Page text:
Composer Philip Glass to be among "Resident Artists" at June in Buffalo

By Sue Wuetcher

Release Date: May 12, 2003 This content is archived.


BUFFALO, N.Y. -- Composer Philip Glass, most recently in the public eye for his Oscar-nominated score for the film "The Hours," will be among the world-renowned names on the list of "Resident Artists" at this year's June in Buffalo festival, to be presented by the Department of Music in the University at Buffalo College of Arts and Sciences.

Also appearing as resident artists during the annual festival are Steve Reich, a man who The New York Times rates as "among the great composers of the century;" Pulitzer Prize winners Charles Wuorinen and John Corigliano, who composed the Academy Award-winning score for the film "The Red Violin;" video artist Beryl Korot, and UB's own David Felder.

A internationally known festival and conference dedicated specifically to composers, June in Buffalo will take place from June 2-7 in Slee and Baird halls on the UB North Campus. The theme of this year's festival, "Music and the Visual Image," is based on the visual image-whether as impetus, source or representation.

Felder, Birge-Cary Chair and coordinator of composition in the Department of Music, is artistic director of the festival.

Offering an intensive schedule of seminars, lectures, master classes, panel discussions and open rehearsals, June in Buffalo provides an extraordinary opportunity for about 30 young composers from around the world to work with professional musicians and a distinguished faculty. A highlight of the schedule are the afternoon workshop/performances and evening concerts that are open to the general public and critics. Each of the invited composers has one of his/her pieces read or performed during an afternoon workshop presentation and receives a recording of the performance for future study and demonstration purposes. Performances feature resident ensembles and soloists internationally known as interpreters of contemporary music.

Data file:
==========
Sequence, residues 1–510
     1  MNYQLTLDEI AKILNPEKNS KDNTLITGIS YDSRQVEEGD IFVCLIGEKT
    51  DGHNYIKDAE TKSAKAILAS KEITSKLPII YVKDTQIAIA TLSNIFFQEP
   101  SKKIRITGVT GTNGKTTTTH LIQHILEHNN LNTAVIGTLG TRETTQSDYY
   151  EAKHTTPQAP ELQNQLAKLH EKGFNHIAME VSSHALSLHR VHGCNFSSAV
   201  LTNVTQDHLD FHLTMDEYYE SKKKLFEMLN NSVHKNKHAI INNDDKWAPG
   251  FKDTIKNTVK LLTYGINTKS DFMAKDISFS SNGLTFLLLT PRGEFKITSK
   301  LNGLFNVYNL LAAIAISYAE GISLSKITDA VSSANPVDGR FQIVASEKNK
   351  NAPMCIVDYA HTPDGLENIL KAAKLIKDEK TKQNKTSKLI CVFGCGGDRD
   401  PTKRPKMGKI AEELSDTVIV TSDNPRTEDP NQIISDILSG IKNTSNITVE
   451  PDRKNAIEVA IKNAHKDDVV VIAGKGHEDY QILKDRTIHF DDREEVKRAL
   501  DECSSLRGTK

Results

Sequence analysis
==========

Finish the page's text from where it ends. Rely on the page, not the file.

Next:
The evening concerts feature the work of the resident composers-some of the most prominent composers in contemporary music-performed by resident ensembles. The evening schedule will kick off at 8 p.m. June 2 in Slee Concert Hall with "An Evening with Philip Glass," featuring a performance of Glass' "Third Symphony," followed by an informal talk by Glass-considered to be one of the most important and influential American composers of the past century.

In addition to his work with the Philip Glass Ensemble, Glass has worked with a number of the world's most well-known performers and ensembles. His work is perhaps most notable for its cross-disciplinary element, including work for the theater ("Einstein On The Beach," "Satyagraha"), collaborations with some of the major figures in today's dance world (Twyla Tharp and Lucinda Childs), music for film (scores for "The Thin Blue Line;" "Hamburger Hill;'" "Candyman;" Martin Scorcese's "Kundun," for which he received an Oscar nomination) as well as such highly inventive projects as a live-performance operatic score for Cocteau's "La Belle et La Bête."

An artist who has gained international renown over the course of a distinguished career, Steve Reich recently was called "...America's greatest living composer" by The Village Voice. Work by Reich and video artist Beryl Korot will be featured in a concert at 8 p.m. June 4 in the Drama Theatre in the CFA. The performance will include Reich's "Piano Phase" and "Triple Quartet," plus "Three Tales" by Korot and Reich.